[access-uk] Re: Internet Radio latest

Hi,

Ray, I couldn't agree more. I took Jackie's point that it is nice to escape 
from the computer for once, but as far as I can see, it really is the easiest 
way to do a lot of things. Sure, it only costs a couple of quid to put a decent 
TTS system into most gadgets these days, but until a manufacturer of mainstream 
gadgets does it we're severely limited. Radios on mobile phones aren't the 
easiest to use, though they are namageable, but only any good if you want to 
use the headphones all the time.I wouldn't be entirely surprised to see FM 
radio on future versions of humanware products, the BrailleNote already has 
one, but FM is so limited these days. I really think that a tiny laptop will 
become the way forward for us for most things, using wireless networks. We'll 
essentially have one computer with a huge hard disk, and lots of smaller ones 
around  the house running entirely off the network. I suspect even internal CD 
drives will start to disappear, keyboards will get smaller and battery life 
will increase, so the laptop will become more like the notetakers we are used 
to.

Cheers
Dave



From: Ray's Home 
Sent: Tuesday, March 25, 2008 5:53 PM
To: access-uk@xxxxxxxxxxxxx 
Subject: [access-uk] Re: Internet Radio latest



Graham, agree completely with what you say belowe but one or two thoughts on 
this, and hope Jackie might find them useful too.

If we want an accessible version of the internet radios you can buy at Argos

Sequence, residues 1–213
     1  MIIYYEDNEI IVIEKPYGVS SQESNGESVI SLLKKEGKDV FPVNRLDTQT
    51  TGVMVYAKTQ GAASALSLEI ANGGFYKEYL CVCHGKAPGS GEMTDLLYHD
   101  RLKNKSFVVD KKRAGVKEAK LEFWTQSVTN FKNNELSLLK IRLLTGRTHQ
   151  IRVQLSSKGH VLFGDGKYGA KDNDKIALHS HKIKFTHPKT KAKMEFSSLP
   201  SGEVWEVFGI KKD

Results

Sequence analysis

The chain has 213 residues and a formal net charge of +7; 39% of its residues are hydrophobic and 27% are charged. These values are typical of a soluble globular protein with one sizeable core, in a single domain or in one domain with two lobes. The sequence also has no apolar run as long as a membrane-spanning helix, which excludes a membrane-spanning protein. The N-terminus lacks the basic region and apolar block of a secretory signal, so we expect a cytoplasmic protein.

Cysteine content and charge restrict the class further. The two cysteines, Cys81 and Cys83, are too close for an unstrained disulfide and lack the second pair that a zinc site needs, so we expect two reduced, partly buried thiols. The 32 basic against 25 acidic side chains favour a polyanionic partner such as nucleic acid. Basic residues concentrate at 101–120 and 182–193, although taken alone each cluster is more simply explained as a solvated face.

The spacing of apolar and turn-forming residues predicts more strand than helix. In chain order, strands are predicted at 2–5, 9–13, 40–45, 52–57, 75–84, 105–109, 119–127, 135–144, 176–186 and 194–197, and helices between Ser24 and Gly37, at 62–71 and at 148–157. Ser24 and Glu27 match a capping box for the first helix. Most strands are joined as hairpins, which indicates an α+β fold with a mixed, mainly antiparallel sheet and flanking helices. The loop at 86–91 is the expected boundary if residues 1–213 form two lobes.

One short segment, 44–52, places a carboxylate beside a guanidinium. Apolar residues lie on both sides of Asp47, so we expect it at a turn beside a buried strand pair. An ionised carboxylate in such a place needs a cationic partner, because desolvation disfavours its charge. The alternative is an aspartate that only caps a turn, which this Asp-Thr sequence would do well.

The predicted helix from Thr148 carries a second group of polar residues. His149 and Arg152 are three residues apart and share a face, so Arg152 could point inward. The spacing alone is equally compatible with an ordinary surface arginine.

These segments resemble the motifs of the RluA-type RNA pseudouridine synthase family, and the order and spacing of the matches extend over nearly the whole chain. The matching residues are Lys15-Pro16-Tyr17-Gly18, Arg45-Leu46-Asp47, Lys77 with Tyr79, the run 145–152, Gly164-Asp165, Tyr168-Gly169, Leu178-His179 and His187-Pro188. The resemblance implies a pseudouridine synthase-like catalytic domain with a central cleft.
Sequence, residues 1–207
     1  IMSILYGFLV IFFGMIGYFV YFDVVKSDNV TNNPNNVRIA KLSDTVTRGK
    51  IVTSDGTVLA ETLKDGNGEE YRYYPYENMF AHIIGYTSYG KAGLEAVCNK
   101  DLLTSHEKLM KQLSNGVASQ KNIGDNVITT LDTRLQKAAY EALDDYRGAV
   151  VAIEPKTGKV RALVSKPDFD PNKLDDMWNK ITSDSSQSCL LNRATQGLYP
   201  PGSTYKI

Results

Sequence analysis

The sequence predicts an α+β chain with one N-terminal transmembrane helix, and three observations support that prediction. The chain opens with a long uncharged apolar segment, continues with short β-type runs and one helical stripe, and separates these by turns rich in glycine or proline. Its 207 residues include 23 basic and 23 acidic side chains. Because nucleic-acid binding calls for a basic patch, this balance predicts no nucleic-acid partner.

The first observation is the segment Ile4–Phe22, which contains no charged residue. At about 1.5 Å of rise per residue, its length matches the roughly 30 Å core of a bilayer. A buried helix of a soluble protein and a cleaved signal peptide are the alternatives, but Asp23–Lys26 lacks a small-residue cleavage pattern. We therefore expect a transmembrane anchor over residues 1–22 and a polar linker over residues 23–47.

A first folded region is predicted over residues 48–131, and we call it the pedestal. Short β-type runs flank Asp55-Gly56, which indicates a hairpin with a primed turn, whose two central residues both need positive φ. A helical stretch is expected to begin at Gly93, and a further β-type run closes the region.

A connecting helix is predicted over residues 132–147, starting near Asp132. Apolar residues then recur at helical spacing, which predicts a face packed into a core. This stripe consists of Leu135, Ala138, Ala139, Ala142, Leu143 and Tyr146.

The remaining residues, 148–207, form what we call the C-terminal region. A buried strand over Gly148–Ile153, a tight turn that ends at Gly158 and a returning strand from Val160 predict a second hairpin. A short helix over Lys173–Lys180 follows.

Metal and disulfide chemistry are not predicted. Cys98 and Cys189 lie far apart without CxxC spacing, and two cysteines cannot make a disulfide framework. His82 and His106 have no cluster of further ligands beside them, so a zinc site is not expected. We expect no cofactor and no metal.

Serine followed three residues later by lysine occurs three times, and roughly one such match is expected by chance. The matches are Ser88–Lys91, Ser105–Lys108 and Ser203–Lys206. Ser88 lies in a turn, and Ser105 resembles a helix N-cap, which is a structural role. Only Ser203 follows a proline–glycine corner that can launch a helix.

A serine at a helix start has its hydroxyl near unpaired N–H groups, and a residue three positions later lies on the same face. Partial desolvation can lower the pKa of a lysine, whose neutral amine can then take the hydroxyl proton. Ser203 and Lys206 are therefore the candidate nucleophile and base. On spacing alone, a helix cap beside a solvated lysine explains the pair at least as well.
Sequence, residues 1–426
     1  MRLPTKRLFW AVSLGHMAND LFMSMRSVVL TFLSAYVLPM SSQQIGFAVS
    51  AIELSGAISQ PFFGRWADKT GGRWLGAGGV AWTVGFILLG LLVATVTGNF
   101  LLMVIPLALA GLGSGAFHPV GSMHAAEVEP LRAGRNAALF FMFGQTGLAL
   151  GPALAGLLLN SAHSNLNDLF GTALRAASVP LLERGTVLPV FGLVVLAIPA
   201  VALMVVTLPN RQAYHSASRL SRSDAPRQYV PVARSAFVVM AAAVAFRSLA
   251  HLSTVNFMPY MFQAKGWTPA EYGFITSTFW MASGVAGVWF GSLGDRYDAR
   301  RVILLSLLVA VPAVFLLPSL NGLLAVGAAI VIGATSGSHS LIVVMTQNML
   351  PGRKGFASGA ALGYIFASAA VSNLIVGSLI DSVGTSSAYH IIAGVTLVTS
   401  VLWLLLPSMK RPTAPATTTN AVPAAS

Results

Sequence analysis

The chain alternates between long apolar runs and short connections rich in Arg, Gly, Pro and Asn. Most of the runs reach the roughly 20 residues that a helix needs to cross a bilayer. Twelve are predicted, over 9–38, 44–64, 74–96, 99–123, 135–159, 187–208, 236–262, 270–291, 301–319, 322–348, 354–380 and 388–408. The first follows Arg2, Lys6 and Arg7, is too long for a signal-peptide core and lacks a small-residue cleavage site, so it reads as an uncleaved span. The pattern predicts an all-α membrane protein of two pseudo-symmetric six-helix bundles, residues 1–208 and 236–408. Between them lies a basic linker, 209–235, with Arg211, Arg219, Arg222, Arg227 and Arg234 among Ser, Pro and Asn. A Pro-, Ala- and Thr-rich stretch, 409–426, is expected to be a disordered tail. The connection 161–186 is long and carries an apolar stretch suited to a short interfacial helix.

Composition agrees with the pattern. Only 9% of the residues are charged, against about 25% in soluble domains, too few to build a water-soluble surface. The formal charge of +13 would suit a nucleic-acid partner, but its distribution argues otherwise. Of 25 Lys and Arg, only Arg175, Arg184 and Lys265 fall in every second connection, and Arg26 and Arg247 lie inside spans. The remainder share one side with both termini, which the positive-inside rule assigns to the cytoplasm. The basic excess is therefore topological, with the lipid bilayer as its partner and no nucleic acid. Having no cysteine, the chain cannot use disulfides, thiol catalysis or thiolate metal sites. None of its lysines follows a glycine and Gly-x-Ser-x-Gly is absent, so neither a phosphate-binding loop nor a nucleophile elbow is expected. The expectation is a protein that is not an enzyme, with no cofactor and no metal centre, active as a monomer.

with the many stations they offer, then what really is the way forward?

I'm beginning to ask myself whether a pure and simple accessible internet radio 
will in fact appear, or at least one that goes beyond voice tagging.  As I see 
it, you are realy talking here about something that is in essence not far short 
of a regular computer specialised to link to internet audio streams.  So, I ask 
myself, if we want complete flexibility like we're accustomed to on our PCs, 
then maybe a  laptop-like device is something like what we'll end up with.

Then again one of the many specialized portable devices on the market  could be 
adapted for the purpose, or the way things are going, a mobile phone?

On reflection maybe in the TNAUK/Orion option things have been simplified and 
customised to offer what it is believed the market for this device is likely to 
want.  Those wanting something more may have to waite a little longer and 
perhaps for another developer to look at a possibly younger and wider market?  
Cannot help but think of the Guide software as a sort of comparison here, and 
wonder if that model of limitation and keep it easy is what's being aimed at.


From Ray 
I can be contacted off-list at: 
mailto:ray-48@xxxxxxxx 

  -----Original Message-----
  From: access-uk@xxxxxxxxxxxxx [mailto:access-uk@xxxxxxxxxxxxx]On Behalf Of 
Graham Page
  Sent: 25 March 2008 5:00PM
  To: access-uk@xxxxxxxxxxxxx
  Subject: [access-uk] Re: Internet Radio latest


  Ray, all I would say about modern voices such as Real Speak is that I have 
worked with a few new access technology users recently.  I am used to working 
with a screenreader and prefer eloquence but many find RealSpeak Daniel better 
despite it being a little unresponsive.  I think that using a high quality 
voice such as this would be a fair compromise that would allow an 
understandable voice to be used while allowing most people to work with it.

  Regards

  Graham
  Graham Page
  Home Phone: 0207 265 9493
  Mobile: 07753 607980
  Fax:  0870 706 2773
  Email: gpage@xxxxxxxxxxxxxx
  MSN: gabriel_mcbird@xxxxxxxxxxx
  Skype: gabriel_mcbird

  ----- Original Message ----- 
  From: Ray's Home 
  To: access-uk@xxxxxxxxxxxxx 
  Sent: Saturday, March 22, 2008 2:47 PM
  Subject: [access-uk] Re: Internet Radio latest